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Four dead, nine missing after explosion in coal mine
BROOKWOOD, Ala. -- Four miners died and nine who rushed in to help were missing and feared dead after explosions rocked the nation's deepest coal mine.
If the deaths of all 13 miners are confirmed, it would be the worst mining accident in the United States since 1984.
"These great acts of unselfishness are eerily reminiscent of the heroes of our Sept. 11 national tragedy," said Don DeFosset, chief executive officer of Walter Industries, which owns the mine and its operator, Jim Walter Resources Inc. "These men gave their lives to help others, just as the firefighters and police of New York did nearly two weeks ago."
Three of the dead and the nine missing remained more than 2,000 feet underground at Blue Creek No. 5 mine, company officials said.
DeFosset said there was an explosion at about 5:15 p.m. Sunday after a cave-in hit electrical equipment and ignited methane gas. At the time, 32 people were in the mine, six of them in the area of the explosion. Three of the six escaped and were hospitalized in stable condition. The other three were left more than three miles from the main elevator, DeFosset said.
Ten miners went to rescue them, but something sparked a second, larger explosion about 45 minutes after the first, DeFosset said. One of ten miners who went in to rescue others was brought out but died at a hospital.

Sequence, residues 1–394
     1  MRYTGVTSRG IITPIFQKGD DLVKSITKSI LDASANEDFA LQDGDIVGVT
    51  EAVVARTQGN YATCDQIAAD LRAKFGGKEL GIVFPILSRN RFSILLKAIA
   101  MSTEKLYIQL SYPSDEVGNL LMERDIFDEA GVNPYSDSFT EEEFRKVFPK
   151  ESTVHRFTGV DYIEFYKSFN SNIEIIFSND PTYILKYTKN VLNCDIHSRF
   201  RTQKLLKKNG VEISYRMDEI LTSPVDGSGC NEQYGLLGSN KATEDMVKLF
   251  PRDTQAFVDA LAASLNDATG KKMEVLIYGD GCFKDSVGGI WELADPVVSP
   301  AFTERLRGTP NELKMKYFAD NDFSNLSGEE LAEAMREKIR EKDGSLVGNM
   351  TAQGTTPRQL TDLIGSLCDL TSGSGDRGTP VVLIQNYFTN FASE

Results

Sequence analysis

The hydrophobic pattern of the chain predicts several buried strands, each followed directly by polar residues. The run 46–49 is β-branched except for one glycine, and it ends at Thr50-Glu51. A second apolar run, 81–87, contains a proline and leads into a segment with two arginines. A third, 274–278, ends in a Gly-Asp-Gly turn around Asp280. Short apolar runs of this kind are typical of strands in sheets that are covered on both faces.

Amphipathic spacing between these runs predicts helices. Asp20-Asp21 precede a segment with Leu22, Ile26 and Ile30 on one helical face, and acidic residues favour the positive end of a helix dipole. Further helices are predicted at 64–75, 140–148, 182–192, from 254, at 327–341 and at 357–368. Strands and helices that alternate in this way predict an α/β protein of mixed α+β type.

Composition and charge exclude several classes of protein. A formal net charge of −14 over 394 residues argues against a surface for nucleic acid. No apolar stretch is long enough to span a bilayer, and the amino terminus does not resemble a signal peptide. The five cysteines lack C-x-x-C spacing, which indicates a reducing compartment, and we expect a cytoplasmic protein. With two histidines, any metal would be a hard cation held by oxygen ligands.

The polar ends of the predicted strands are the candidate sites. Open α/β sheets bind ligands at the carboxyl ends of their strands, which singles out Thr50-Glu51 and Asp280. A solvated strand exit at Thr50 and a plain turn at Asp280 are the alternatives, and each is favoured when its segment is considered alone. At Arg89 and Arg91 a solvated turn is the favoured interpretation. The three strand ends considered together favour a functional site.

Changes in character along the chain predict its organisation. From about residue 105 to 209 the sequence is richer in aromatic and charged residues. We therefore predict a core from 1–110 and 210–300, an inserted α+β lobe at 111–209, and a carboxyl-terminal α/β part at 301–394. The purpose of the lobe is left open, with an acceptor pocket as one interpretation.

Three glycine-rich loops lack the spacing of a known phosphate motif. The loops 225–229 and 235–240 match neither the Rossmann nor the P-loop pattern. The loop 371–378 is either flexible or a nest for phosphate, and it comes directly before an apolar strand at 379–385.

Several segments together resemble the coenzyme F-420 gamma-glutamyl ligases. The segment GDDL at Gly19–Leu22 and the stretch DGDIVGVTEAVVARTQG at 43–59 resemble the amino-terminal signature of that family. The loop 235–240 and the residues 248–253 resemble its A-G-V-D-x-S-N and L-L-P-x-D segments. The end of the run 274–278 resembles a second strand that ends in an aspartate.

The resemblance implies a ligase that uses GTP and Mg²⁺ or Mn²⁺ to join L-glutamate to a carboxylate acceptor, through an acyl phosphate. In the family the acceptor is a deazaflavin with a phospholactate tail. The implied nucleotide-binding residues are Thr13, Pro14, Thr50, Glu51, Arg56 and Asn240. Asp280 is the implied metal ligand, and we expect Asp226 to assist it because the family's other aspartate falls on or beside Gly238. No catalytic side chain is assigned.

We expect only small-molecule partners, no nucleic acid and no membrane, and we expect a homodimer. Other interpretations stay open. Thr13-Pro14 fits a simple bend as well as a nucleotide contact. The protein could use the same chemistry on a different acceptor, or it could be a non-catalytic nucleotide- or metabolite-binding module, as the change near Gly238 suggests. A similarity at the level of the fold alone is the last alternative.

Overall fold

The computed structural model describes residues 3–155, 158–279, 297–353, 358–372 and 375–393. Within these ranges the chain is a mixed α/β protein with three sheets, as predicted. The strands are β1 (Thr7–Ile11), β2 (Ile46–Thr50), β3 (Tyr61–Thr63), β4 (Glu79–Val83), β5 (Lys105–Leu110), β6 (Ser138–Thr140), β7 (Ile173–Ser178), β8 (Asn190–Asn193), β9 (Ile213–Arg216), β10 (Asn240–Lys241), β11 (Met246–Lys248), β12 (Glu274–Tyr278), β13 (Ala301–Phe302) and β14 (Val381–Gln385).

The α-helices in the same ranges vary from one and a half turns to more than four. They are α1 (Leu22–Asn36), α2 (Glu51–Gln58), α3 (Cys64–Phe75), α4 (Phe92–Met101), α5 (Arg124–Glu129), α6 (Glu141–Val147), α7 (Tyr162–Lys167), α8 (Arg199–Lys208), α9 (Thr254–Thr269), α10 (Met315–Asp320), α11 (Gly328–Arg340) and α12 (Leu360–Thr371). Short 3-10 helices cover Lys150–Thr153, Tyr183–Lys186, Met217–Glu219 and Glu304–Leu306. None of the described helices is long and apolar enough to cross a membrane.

A second wave of rescue workers went into the mine and worked through the night but were unable to reach the area because of fires and methane gas, which is common in coal seams. Company officials said fires still burned Monday, and it was uncertain when a team would search again.
If the deaths are confirmed, it would be the worst loss of life since Dec. 19, 1984, when a faulty air compressor started a fire that killed 27 coal miners near Orangeville, Utah.
Deepest coal shaft
The Alabama mine is the deepest vertical shaft coal mine in North America, with operations at 2,140 feet beneath the surface, the company says. The mine employs 402 people.
Nearly all of the 1,500 residents of Brookwood work in a mine or have relatives or friends who do.
"We've never had anything like this happen before," said Linda Barger, the town clerk. "There are a lot of children who are going to be affected."
The mine, which opened in 1978, produces low-sulfur coal that is burned in power plants and in metallurgical operations.